I always start by thoroughly researching the brief, leading to mood boards to get the ideas flowing. As the mind ticks, I start to sketch a lot of ideas down and then narrow it down to
more successful routes. When a concept is decided, I then take it to final stages whether thats by hand or digital depending on the specifics of the project for final completion. I like to involve the client in the creative process, leading to an exciting collaboration process rather than
having boundaries of a client/designer relationship. This combined process is fundamental for me in creating a successful design.
Looking at your portfolio of work as a collection its seems as if you enjoy producing in monochrome… What is it about the constraint of a limited colour palette that excites
(or challenges) you?
This is something I’ve naturally gravitated towards, I love the fact that with such a limited colour palette, you can create such depth and sophistication. I think it’s partly down to my own inclination of challenging myself and pushing outside my comfort zone. However, I had an interesting conversation with a good friend of mine who explained that when you tend to
lean towards a certain colour scheme, it can have a direct resemblance to the weather and place that you grew up in. I am originally from Glasgow and to be honest you only have a few really good sunny days a year so he may have a point!
Speaking of monochrome - your personal branding suite is brilliant! I love the combination of type genres, the ligatures and interplay between black and white shapes. Designers often acknowledge self branding as being a challenging exercise. Did you experience anydifficulty in expressing yourself in your identity?
That famous saying that self branding is one of the most difficult projects is true to an extent however I knew exactly how I wanted to portray myself. By building a portfolio of versatility, I had to characterize this in a professional manner showing that I can flow from the craft of a sleek brand to a typographic illustration. Rather than overthinking the process, I ultimately had fun experimenting. Combining brush stroke typography with hand made packaging gives impetus to who I am as a designer. I approached this project the same way I would approach any other project and set myself a deadline, this was crucial as it can easily lead to a long and winding road of procrastination.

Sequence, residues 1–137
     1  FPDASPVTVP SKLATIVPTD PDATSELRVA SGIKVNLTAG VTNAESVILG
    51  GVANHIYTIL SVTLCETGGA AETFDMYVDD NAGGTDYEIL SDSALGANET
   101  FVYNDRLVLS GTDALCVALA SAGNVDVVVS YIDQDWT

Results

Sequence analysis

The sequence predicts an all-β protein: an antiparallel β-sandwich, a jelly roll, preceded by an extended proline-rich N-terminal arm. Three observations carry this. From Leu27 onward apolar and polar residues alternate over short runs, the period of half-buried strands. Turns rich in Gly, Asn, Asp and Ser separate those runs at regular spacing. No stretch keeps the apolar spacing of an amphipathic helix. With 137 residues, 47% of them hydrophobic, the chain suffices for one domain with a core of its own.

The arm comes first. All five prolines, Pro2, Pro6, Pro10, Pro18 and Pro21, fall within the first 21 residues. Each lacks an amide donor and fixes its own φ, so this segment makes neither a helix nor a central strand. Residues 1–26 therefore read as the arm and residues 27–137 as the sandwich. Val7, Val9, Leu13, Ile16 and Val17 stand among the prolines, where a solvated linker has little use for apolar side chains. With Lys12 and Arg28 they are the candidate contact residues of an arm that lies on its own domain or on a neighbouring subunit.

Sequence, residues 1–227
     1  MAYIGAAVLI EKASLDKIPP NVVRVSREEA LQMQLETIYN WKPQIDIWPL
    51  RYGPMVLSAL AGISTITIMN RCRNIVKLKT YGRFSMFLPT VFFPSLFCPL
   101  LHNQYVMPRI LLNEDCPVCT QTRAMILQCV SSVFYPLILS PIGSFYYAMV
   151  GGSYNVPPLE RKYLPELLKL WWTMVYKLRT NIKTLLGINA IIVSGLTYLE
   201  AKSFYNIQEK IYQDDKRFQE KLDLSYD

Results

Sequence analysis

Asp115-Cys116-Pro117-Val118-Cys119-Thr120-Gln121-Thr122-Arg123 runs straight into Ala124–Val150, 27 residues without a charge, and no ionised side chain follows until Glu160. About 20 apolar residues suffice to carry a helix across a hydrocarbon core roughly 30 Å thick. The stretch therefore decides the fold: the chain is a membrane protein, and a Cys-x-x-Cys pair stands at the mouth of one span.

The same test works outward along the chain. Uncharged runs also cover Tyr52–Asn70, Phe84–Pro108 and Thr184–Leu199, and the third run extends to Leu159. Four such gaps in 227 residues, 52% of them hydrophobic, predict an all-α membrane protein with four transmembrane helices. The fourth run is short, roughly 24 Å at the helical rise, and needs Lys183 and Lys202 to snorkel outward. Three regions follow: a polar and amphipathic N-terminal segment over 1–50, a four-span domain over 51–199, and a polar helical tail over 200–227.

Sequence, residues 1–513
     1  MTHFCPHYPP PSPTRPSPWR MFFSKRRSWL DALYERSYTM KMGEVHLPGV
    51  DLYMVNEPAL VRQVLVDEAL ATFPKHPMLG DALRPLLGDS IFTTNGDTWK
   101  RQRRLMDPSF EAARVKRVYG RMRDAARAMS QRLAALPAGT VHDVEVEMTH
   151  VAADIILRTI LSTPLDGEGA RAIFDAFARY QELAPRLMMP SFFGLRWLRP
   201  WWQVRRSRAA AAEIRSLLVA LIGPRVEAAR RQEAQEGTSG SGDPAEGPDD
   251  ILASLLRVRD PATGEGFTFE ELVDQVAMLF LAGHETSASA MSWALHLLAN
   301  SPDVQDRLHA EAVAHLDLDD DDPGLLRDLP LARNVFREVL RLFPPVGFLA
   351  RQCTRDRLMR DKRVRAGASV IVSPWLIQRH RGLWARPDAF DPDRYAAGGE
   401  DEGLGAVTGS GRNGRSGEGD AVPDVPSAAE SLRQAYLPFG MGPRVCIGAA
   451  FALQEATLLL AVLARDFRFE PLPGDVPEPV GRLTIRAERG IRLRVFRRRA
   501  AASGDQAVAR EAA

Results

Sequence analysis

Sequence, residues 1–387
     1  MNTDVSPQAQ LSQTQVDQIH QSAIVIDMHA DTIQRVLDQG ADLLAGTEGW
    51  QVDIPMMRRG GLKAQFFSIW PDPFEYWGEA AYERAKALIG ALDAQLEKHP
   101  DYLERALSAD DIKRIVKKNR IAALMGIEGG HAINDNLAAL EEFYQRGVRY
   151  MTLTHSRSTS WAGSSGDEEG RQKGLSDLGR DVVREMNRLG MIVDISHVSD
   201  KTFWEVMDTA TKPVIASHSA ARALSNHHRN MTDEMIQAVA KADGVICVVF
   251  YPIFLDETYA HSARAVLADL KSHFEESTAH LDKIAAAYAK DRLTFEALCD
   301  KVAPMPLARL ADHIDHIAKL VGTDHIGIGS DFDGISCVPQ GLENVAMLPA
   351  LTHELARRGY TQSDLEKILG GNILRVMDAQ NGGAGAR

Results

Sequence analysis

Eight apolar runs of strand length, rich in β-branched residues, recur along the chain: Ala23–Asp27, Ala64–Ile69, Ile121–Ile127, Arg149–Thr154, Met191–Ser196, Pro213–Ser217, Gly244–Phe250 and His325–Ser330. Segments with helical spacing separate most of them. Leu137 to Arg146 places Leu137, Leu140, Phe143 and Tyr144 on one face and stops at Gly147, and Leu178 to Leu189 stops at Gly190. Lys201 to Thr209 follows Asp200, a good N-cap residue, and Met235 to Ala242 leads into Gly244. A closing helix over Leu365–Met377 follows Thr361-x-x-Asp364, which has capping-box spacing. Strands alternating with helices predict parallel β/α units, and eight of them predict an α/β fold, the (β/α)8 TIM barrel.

Well crafted typography is a consistent thread throughout your work - so I am excited to hear about what you are working on right now?
Something that I am hugely passionate about is collaborating more with the creative industry and the public. I feel strongly about giving something back to the community and contributing to the world in general which has led me to a few excellent typographic projects. One that’s aiming to launch very soon is in the form of typographic illustrations that I created for St Mungo’s Homeless Charity in London as part of an awareness campaign, all proceeds of work will contribute towards the charity.
I am also undergoing a self initiated project where I will collaborate with secondary schools to create murals across Scotland to raise awareness of the creative industries not only to young people but the wider community. Giving my ambition to contribute on a global scale, I am excited and fortunate enough to exhibit alongside some of the world’s leading design agencies and designers for Glug 17 which is part of The Global Goals campaign. So definitely exciting times ahead!
I had the good fortune of spending some time in Glasgow earlier this year and really fell in love with the city. There is a really vibrant creative community (and a lot of great arts and architecture heritage) there. How (if at all!) does this inform your work?
What Glasgow lacks in weather, it makes up for in vibrancy. I go back quite often and there is always a new exciting experience, an ever growing creative scene and it’s something I want to contribute to. Glasgow and Scotland is my identity and subconsciously has had an effect in my work especially if the theory of my monochrome style is linked to the weather, then it certainly playing a part!
How can people get in touch and connect with you?
You can connect through social
media such as Twitter, Vimeo and Instagram and also through Linkedin. Also don’t be afraid to drop me an email (hello[at]craigblackdesign.com) and say hello, I like to think I’m quite a nice guy where as my thick Glaswegian accent may suggest otherwise.
Chido Mexican Kitchen
Art Direction/Design & Typography | Craig Black
Creative Team | George Galbraith, David Swift, Chris Newton, Nicola Roberts, Conor Moore
Photography | Nicola Roberts
Camera | Emi Alonso, Matthew O'Donnell
Editing | Matthew O'Donnell
Self Branding (2015)
Art Direction/Design & Typography | Craig Black
Only The Strong Survive - Hardwired Beer (2013) Adobe Design Achievement Awards Semi-Finalist
Art Direction/Design & Typography | Craig Black